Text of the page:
Montgomery College Puts on a Sassy “Barefoot in the Park”

It was a clear and sparkling autumn afternoon in The Woodlands, and one could easily have gone “Barefoot in the Park.” Just as delightful was a matinee visit to Neil Simon’s show of the same name, currently in production at Montgomery College.

Ably directed by Jami Hughes, this light comedy was a smaller scale offering than some of the school’s well-received musical productions, but it was not without its charms. And comedy, it is often said, is the most difficult challenge for an actor.

The play tells the story of two young newlyweds, Corie and Paul, who are setting up their first apartment in Manhattan. In a small cast of six, Leslie Harlton (Corie) and Joseph Lamont (Paul) show considerable skill in demanding roles that seldom allow them to leave the stage. I am in awe of actors that can master so much dialogue. The hardworking-supporting cast includes Kelly Sills as Corie’s condescending mother, Ethel, and Douglas W. Small in an amusing turn as the eccentric neighbor, Victor Velasco. In smaller roles, Jim Powells (as the telephone repairman), and David Kerr (as the delivery man) bring added laughs to the show.

The action unfolds in the top floor apartment of a New York brownstone that is very well rendered in the split-level scenic design of talented Lorne S. Kelley. Kelly’s work as Make-Up Designer was a bit less successful as attempts to age some of the youthful cast sometimes resulted in sharp facial lines that resembled cat whiskers. The lighting and sound designs of Mr. Kerr were fine complements to the production.

From the beginning, the crisp wit of Simon is another star of the show. On a cold February day, after just six days of marriage, Corie frets that the new furniture has not yet arrived. The telephone repairman wisely counsels that her amorous new husband “…won’t notice the place is empty until June!” As Corie tries to play matchmaker between her mother and Victor, Small shows a knack for capturing the humor in lines like “I wish I were 10 years older. Dirty old men always seem to get away with a lot more!” With his rich, resonant voice, Small also deserves credit for quick recovery with a troublesome false mustache. The cocktail scene is a riot as mother tosses Victor’s homemade gourmet “appetizer” over her shoulder in an effort to avoid eating it. Sills, with an appealing soft voice and excellent articulation, has great fun delivering droll lines like her encouragement to Corie — “You will have a happy and complete marriage — like two out of 10 couples!”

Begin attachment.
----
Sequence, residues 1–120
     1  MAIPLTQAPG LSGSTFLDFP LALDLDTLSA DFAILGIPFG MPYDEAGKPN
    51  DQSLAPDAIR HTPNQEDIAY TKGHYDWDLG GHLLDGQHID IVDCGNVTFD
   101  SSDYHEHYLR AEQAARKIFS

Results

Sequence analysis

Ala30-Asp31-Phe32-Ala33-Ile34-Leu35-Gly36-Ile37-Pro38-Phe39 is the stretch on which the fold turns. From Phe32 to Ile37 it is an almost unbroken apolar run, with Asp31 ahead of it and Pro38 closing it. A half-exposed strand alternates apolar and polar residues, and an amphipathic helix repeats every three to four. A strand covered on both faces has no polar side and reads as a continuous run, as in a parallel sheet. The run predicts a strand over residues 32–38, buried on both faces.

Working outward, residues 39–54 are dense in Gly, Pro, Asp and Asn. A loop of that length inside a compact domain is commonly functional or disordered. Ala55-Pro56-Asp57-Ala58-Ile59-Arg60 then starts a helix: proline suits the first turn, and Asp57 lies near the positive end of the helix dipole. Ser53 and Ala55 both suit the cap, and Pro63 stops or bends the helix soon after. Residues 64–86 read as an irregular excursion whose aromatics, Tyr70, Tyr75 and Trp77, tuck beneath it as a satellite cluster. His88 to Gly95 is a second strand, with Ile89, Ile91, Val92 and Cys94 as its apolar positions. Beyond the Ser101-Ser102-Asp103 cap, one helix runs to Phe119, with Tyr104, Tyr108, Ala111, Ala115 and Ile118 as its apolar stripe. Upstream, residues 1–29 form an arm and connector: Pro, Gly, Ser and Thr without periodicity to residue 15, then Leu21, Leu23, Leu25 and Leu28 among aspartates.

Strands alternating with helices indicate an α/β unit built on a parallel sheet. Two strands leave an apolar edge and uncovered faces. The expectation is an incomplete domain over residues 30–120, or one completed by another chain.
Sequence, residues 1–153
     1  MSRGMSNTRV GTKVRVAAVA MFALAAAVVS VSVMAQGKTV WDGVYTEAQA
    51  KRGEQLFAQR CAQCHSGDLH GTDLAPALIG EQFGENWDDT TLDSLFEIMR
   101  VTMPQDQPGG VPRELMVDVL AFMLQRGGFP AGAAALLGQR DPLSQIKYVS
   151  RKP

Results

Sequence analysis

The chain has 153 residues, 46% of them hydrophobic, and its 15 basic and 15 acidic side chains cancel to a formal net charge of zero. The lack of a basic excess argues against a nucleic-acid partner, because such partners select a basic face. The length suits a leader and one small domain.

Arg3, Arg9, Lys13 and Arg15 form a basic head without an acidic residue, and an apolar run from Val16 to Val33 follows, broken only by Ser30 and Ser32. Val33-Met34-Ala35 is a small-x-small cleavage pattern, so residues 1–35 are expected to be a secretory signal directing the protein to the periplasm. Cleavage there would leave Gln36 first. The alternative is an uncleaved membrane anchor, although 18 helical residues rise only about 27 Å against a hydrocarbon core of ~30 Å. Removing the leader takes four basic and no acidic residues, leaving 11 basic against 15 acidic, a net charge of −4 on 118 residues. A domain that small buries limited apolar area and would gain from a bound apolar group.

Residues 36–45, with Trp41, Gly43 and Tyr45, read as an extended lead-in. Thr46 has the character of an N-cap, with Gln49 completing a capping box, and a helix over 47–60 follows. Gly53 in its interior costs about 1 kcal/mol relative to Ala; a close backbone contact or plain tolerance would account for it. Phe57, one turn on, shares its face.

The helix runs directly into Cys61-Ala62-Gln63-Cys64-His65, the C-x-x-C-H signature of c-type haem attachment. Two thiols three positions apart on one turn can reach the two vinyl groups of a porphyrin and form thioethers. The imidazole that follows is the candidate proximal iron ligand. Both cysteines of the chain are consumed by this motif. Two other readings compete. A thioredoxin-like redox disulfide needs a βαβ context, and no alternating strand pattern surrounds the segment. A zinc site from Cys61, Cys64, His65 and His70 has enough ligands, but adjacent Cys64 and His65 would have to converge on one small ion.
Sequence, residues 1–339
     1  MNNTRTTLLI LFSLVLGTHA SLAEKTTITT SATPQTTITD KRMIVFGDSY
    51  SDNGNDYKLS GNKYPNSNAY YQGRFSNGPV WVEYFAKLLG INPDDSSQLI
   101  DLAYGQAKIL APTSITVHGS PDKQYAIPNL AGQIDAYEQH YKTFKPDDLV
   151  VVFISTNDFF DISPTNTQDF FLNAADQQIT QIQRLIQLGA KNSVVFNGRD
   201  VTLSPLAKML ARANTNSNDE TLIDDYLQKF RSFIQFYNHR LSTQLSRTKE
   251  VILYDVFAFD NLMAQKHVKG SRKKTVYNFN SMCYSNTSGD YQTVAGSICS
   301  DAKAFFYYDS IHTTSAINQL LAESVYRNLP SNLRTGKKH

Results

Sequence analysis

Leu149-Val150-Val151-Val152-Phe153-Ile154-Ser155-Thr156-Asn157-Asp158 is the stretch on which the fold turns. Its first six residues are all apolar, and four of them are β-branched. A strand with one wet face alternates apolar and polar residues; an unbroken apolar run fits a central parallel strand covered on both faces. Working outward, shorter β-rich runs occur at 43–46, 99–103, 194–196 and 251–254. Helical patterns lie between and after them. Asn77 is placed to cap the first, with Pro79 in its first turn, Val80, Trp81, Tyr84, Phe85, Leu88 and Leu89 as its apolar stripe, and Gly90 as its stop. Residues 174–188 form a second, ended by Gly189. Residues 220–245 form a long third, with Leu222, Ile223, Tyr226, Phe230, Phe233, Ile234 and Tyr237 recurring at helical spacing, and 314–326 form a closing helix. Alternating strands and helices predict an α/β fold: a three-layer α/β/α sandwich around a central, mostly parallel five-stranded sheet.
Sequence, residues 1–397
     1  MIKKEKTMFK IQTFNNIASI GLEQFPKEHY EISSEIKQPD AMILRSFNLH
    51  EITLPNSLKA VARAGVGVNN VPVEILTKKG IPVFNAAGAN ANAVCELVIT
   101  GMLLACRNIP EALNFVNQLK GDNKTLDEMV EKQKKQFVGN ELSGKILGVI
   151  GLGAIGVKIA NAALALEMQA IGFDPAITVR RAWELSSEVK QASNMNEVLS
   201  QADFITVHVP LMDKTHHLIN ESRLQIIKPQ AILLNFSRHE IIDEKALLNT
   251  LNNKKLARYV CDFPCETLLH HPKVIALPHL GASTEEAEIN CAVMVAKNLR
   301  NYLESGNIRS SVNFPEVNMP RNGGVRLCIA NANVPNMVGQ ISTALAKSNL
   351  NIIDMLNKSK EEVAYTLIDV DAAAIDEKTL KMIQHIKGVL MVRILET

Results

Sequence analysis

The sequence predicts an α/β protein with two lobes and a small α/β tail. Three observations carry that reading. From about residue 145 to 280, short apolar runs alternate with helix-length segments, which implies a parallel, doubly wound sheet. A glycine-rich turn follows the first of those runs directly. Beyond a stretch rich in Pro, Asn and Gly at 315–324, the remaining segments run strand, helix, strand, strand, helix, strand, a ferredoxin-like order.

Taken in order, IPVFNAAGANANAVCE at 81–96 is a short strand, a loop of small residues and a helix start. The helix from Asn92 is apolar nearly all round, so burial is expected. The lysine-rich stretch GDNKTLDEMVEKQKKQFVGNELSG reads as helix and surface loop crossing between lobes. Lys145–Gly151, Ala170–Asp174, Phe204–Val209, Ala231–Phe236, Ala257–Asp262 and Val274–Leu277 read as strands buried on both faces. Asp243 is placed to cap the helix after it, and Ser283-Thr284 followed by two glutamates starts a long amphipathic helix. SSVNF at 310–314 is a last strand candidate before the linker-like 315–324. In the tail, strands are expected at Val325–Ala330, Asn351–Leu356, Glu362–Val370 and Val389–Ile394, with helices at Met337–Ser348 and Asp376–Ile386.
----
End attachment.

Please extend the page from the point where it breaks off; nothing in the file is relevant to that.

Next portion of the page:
At times, the comedy efforts are a bit labored. The “breathless” routines, as characters climb the five floors to the apartment, do not always work. There is an important difference between “acting” breathless and “being” breathless. At other times the show really catches fire. The best example of this was the explosive scene when the newlyweds have their first fight and threaten divorce. Miss Harlton (who at times reminded me of Jane Fonda’s film version of the role) really carried this off with convincing skill; and Lamont had all the talent needed hold up his end of this battle royal. For a minute there it looked like Burton and Taylor in “Who’s Afraid of Virginia Woolf?”

Perhaps I could summarize the show by paraphrasing Paul’s apology to Corie — “Even when I didn’t like you, I loved you.”

Let’s just say that even when it wasn’t perfect, going “Barefoot” was fun!

“Barefoot” will have its final performance Sunday in the college’s Fine Arts Theater at 2 p.m. For information call (936) 273-7021.

(The Courier    11.21.02)

(The Villager    11.22.02)

About The People's Critic

David Dow Bentley III, writes columns about the performing arts which are featured in newspapers from the East Coast to the Gulf Coast. A member of the American Theatre Critics Association (ATCA), The International Theatre Critics Association, and America's oldest theatrical club, The Lambs, he also had long service as the editor of The Lambs' Script magazine. Mr. Bentley may be contacted via e-mail at
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